Before I delve into my thoughts on the second concept, let me share where I recently saw this "echos of a voice" concept in play. It was toward the end of Michelle Obama' speech before the Democratic National Convention last night. She connected deeply with these deep echos when she spoke of what Barrack had said in the past. She said, "He talked about "the world as it is" and "the world as it should be." And he said that, all too often, we accept the distance between the two and we settle for the world as it is, even when it doesn't reflect our values and aspirations." As she finished up her remarks, she returned to this theme that connects deeply with that "echo of a voice" to "set the world to rights" as she called for a commitment to change. She spoke of how she wanted this election to be remembered, "this time we listened to our hopes, instead of our fears ... how this time we decided to stop doubting and to start dreaming ... how this time, in this great country, where a girl from the South Side of Chicago can go to college and law school, and the son of a single mother from Hawaii can go all the way to the White House ... that we committed ourselves ... we committed ourselves to building the world as it should be." The way she connected the deep "echos" with her cause, is how we need to connect these same yearnings with our campaign for new creation through the Prince of Peace, Jesus.
Are we perfect? No, anyone can see we are not. It is all of grace. It is not of our merit, it is of Jesus' resurrection. But this does not change our calling to be places where "heaven and earth overlap."
The Celtic Christian tradition of "thin places" is similar. It expands this thought to literal geographic locations where God showed up in the past and still shows up regularly. The picture to the left has St Cuthbert's Island in the foreground and the Holy Island of Lindisfarne in the background. Both of these places are considered to be "thin" in Celtic Christianity. These are places instrumental in Christianity's advance in the northern parts of England. Thereis still a sense to many that the boundaries between heaven and earth, the spiritual and the material worlds, appear to be very thin there.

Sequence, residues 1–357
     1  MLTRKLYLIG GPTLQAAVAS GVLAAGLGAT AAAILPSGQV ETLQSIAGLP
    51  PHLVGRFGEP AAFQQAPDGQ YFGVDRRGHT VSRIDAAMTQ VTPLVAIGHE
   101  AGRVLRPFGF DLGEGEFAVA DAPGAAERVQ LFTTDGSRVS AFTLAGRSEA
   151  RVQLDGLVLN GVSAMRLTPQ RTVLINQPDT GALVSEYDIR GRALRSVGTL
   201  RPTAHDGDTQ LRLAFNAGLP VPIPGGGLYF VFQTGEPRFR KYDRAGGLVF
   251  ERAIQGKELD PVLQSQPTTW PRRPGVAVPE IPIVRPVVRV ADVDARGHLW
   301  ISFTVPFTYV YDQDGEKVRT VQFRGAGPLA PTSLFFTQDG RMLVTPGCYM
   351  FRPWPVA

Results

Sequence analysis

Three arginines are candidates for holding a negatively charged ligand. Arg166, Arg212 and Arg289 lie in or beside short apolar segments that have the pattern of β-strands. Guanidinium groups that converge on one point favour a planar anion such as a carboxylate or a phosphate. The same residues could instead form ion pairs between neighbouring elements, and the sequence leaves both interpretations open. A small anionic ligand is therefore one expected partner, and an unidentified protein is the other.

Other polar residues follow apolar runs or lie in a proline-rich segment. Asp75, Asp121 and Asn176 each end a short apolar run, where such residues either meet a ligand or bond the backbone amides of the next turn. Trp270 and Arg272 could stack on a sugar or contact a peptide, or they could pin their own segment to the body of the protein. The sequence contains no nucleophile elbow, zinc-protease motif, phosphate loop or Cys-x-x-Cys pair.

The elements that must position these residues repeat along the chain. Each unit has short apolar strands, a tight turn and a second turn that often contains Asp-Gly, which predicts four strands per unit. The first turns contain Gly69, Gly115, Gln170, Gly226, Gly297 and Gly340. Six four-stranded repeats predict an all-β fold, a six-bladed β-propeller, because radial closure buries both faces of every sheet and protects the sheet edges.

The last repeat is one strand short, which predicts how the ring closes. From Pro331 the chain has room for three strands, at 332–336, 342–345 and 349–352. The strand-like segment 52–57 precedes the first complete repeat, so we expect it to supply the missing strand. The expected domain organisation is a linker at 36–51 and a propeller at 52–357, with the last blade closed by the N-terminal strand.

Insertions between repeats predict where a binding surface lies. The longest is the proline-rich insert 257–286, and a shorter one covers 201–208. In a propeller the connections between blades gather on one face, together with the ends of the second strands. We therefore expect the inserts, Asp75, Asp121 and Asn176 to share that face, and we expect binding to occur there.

If you know me or at least seen pictures of me, you may understand why I like the term "thin places". I especially like thinking that God has making me a "thin place" to the world around me. How I pray that I may be so "thin" that people may experience heaven when they interact with me!!!
This theological "hat peg" must become more than an allegory or an idea, but a greater and greater reality in my life as I follow Jesus. How do I become this kind of person that is a "place where heaven and earth over lap" or a "thin place"?
First, I must believe God has through Jesus has made me one. "If any one is in Christ he is a new creation, the old has gone,the new has come. "(2 Corinthians 5:17) Second, I need to become "thin" enough for this expression of new creation to shine out of my life. Paul reminds us, "I have been crucified with Christ, nevertheless I live, yet not I , but Christ lives in me and the life that I now live in the body I live by faith in the Son of God who loved me and gave himself for me." (Galatians 2:20) Third, I must realize it is a journey, not a destination. "And what does the Lord require of you? To act justly, love mercy and to walk humbly with your God". (Micah 6:8)
So how does this fit with evangelism. The big E word is just about being "thin." Being a "place where heaven and earth overlap". Being agents of new creation. Living a life uncomplicated by religion, but bringing heaven with us wherever we are. It is about doing what Jesus did, and being a participant with him for the redemption of the World. "As the Father sent me," Jesus said recorded in John 20:21, "so send I you."
The world will listen to this kind of evangelism. It is an evangelism of service. It is a demonstration of God's love. It is God's people living in pursuit of Christ's example of brother love, neighbor love, and enemy love, self-giving love. It demonstrates itself in serving the least, loving the lost, caring for the poor, comforting the sick and dying, living a life of service to our fellow humans.
As I close out this post, I want to mention that I believe that we are entering a new time. I believe that these emerging post-modern times will bring challenges to our ways of thinking about things like evangelism, gospel, and church. I think it will drive us deep and wide. Deep in our devotion to Christ as we struggle to adjust and wide in our love as it becomes the way people really know who is following Jesus. As the culture in the west becomes more and more post-Christian we will find new challenges and new opportunities as we compete in the market place of ideas. Strangely enough, I believe, the thirst for true spirituality will increase, even as religion falls by the wayside. It is an exciting time to be a follower of Jesus.
Next post in this series will be on a parable that NT Wright shares about a "hidden spring". To some degree this illuminates to me both the opportunities and the challenges we face in engaging our world today as agents of new creation in Jesus.